Over at the Economist, Ryan Avent notes that central bankers and economic elites more generally in the United States and European Union regard the creation of low and stable inflation with well-anchored expectations since the mid-1980s as a major achievement and they're loathe to do anything that has the slightest chance of upsetting it. They are willing, in other words, to tolerate the certainty of a years-long period of mass unemployment in order to avoid the risk of undoing the 2 percent inflation anchor. Avent judiciously notes that not only do they seem to wildly overstate the odds of this happening, they manage to even more wildly overstate the benefits of their success:
Moreover, is it clear that the net benefits of this defeat of inflation volatility are so great? Perhaps they are; a simple look at the performance of macroeconomic aggregates in the postwar period versus the period from 1984 to now isn't at all conclusive. There is a real cost to extreme inflation aversion. Central bankers have done a pretty woeful job explaining the benefits of this policy, and they should be roundly criticised for this failure.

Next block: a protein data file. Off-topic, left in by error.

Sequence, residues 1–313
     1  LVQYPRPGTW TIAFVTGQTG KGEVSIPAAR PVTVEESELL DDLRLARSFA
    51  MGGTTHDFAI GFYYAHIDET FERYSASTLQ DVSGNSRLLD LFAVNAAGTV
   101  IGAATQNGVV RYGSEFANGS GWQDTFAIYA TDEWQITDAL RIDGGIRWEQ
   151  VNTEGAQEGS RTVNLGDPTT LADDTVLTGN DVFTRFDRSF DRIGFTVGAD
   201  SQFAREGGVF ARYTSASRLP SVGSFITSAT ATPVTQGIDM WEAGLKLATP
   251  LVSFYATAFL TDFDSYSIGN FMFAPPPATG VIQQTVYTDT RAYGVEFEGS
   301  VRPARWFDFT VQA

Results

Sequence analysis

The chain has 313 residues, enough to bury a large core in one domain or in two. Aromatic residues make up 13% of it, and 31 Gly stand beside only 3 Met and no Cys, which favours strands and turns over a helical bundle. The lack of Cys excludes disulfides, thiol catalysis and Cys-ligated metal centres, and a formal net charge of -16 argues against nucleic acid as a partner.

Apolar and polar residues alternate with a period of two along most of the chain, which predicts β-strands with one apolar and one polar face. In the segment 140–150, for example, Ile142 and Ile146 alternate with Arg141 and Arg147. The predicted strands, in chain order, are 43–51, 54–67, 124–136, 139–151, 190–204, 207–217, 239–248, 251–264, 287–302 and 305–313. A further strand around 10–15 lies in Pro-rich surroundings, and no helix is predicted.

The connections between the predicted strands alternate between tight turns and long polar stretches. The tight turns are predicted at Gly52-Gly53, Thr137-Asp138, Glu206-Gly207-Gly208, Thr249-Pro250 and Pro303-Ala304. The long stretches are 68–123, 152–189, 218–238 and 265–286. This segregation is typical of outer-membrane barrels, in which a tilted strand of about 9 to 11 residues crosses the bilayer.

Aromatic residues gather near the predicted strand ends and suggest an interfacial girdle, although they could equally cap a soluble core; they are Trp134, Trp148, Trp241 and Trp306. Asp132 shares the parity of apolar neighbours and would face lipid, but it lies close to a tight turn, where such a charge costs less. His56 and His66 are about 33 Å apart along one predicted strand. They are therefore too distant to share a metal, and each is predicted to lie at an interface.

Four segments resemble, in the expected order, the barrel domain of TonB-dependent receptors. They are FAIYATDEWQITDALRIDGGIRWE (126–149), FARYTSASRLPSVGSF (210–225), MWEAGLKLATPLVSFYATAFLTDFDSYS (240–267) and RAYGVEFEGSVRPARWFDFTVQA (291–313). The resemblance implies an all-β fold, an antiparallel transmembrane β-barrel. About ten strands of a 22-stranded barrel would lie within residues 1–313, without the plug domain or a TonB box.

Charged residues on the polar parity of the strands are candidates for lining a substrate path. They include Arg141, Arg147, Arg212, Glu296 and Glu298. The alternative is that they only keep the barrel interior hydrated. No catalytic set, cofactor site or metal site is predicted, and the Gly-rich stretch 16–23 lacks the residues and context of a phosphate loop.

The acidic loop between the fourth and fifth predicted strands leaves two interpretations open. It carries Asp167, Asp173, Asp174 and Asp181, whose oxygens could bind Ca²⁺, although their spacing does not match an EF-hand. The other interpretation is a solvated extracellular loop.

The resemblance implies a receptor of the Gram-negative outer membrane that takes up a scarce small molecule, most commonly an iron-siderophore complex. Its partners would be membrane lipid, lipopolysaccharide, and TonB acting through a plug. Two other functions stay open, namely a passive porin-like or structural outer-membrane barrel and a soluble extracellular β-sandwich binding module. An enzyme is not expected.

To be less judicious about it, consider the sad fate of China and India, two large economies who have not succeeded in generating low and stable inflation:
Obviously there's some welfare cost to this. America's low stable inflation rate is very predictable which is convenient every time people need to set a price or negotiate a deal. At the same time, China and India make it perfectly clear that higher and less stable rates of inflation are perfectly consistent with robust growth in real output. What's more, they've specifically done a much better job of weathering the global financial crisis without experiencing any quarters of output contraction. Eliminating the constraints of the zero bound and paranoia about inflation expectations, hardly solves all the economic problems are country could have—but it does seem to solve the particular problem of a nominal shock creating a huge real problem.